The Arrival+’s 2.1%, or: Why a 2% card is better

Hot on the heels of my post analyzing the 50% Airline Bonus for the American Express Business Platinum, I’d like to delve into the Arrival+ and a common misconception: that the card earns 2.1x miles on all purchases due to the 5% rebate on miles when you redeem points.

The Arrival+’s signup bonus is still quite good, but the Arrival+ is in no way worth keeping as a daily driver, as it presents a truly abysmal value compared to a 2% card.

This post tends towards very math-y. However, you can skip all the math and get some good mileage out of the optimal breakpoints tables if you’re an Arrival+ cardholder.

How does redemption work?

In order to redeem your points at 1 cpp, you must redeem a minimum of 10,000 miles against a charge that codes as travel and is at least $100. Any redemption over 10,000 miles must be in increments of 5,000 miles, or a full charge’s value in miles ($211.46 charge = 21,146 miles). Note that I am disregarding, for convenience’s sake, the effect of additional minimum redemption thresholds greater than 10,000 miles, which would really hurt you. Because you get a 5% rebate on miles redeemed, the card is often quoted as earning 2.1x miles on every purchase.

Where’s the 2.1x?

Since we want to determine the earn rate of the Arrival+ for every day use, we will disregard the signup bonus.

Starting at a balance of 0 points, you put exactly $28,000 dollars on your Arrival+ in 6 months, and earn 56,000 points.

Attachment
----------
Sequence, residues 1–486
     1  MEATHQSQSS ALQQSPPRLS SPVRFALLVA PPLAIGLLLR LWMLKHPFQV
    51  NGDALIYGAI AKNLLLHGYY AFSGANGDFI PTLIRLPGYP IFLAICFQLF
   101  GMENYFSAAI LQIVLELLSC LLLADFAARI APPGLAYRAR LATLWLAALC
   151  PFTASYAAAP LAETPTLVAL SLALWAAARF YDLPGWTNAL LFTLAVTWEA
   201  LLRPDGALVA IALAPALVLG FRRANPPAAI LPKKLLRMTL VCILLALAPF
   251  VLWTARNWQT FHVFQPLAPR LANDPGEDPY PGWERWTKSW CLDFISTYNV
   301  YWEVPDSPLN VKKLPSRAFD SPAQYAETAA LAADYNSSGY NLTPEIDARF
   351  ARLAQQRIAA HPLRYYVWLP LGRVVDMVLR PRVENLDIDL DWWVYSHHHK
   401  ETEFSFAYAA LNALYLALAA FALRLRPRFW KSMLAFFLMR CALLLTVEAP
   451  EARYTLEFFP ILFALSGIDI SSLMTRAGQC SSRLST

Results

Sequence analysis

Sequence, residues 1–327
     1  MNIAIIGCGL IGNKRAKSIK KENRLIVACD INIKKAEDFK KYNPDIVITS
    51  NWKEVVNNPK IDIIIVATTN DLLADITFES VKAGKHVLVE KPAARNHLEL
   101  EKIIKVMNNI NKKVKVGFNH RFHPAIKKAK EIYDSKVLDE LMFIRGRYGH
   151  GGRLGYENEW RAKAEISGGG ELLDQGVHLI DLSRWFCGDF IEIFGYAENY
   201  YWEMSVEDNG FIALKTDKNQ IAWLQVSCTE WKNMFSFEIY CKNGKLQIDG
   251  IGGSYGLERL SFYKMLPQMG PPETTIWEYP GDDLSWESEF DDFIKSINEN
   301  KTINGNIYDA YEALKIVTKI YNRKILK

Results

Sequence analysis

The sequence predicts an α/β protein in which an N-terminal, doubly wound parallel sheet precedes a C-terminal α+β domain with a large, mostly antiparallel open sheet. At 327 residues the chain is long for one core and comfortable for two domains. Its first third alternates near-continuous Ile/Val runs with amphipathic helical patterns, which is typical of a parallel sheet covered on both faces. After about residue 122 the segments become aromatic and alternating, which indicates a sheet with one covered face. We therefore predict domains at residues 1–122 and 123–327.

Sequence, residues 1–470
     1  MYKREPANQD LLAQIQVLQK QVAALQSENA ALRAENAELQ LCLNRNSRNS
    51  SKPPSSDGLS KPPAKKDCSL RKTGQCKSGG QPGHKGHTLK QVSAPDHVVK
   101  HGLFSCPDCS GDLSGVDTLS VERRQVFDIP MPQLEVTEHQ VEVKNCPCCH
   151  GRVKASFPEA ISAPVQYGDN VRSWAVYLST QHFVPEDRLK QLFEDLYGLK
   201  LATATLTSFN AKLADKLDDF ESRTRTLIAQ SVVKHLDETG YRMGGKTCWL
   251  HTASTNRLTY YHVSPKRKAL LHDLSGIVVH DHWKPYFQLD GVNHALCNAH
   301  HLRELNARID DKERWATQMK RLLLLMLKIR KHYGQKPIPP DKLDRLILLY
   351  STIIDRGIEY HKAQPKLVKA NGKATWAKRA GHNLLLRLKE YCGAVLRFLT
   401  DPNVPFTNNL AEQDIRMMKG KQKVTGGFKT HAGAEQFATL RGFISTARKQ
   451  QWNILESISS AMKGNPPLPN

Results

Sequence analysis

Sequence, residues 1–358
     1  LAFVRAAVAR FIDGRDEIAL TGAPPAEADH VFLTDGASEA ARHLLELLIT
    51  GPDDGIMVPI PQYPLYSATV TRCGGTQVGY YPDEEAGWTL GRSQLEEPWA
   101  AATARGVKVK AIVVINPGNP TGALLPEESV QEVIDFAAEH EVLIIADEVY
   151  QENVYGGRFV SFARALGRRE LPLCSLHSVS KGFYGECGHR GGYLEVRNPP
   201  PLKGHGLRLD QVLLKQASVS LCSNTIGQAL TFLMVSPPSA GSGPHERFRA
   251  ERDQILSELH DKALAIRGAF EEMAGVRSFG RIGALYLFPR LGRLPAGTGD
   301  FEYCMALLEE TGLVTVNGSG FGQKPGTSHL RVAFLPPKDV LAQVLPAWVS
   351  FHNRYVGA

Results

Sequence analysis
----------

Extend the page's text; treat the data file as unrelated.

As discussed at Loophole Travel, there’s a bit of a calculation involved to obtain the optimal redemption because you are getting 5% of your redemption back and you need at least 10,000 miles to redeem again. It depends on whether you are (a) cashing out your balance on existing charges or (b) adding new travel charges to cash out your balance.

(a) To achieve optimal redemption, {Total Balance} – {Redeemed Balance} + 0.05 * {Redeemed Balance} = 10,000, which re-arranges to: rounded down, redeem ({Total Balance} – 10,000) / 0.95 miles.

(b) To achieve optimal redemption, {Total Balance} – {Redeemed Balance} + 0.05 * {Redeemed Balance} + 2 * {Future Purchase} = 10,000, which re-arranges to: rounded down, redeem ({Total Balance} – 10,000 + 2 * {Future Purchase}) / 0.95 miles.

Let’s assume option (a) is possible with your 56,000 miles, as you recently made a $500.30 travel purchase. 46,000 miles / 0.95 means you would want to redeem 48,421 miles to be left with exactly 10,000 miles. Alas, the strictures of the Arrival+ redemption program prevent you from doing so because you must redeem in increments of 5,000 miles if not covering the full value of a charge. You instead redeem 45,000 miles, leaving 11,000 miles in your account and getting a redemption bonus of 2,250 miles—a total of 13,250 miles left. You can now either spend $875 and redeem 15,000 miles or redeem 10,000 miles.

As spending $875 presents the best earning option, you does so: you’ve spent $28,875 on the card, redeemed 60,000 miles against $600 in travel charges, and have 750 miles in your account. You’ve done about as well as possible and earned $600 / $28,875 = 2.0779% cash back. Because the balance is so low, I have valued the 750 miles at $0 (you need 5,000 miles to redeem miles at 0.5 for a cash back statement credit).

If you don’t choose to spend another $875, however, and redeem 10,000 of your 13,250 miles, you’ve has spent $28,000, redeemed 55,000 miles against $550 in travel charges, and have 3,750 miles in your account. Even counting the 3,750 at 0.5 cpp (as it is close to the 5,000 mile redemption mark for a 0.5 cpp cash back credit), you’ve done remarkably poorly and only earned $568.75 / $28,000 = 2.03125% cash back. (if you take out the 0.5 cpp valuation of the miles currently in your account, you’ve only earned 1.9643% cash back. yikes!).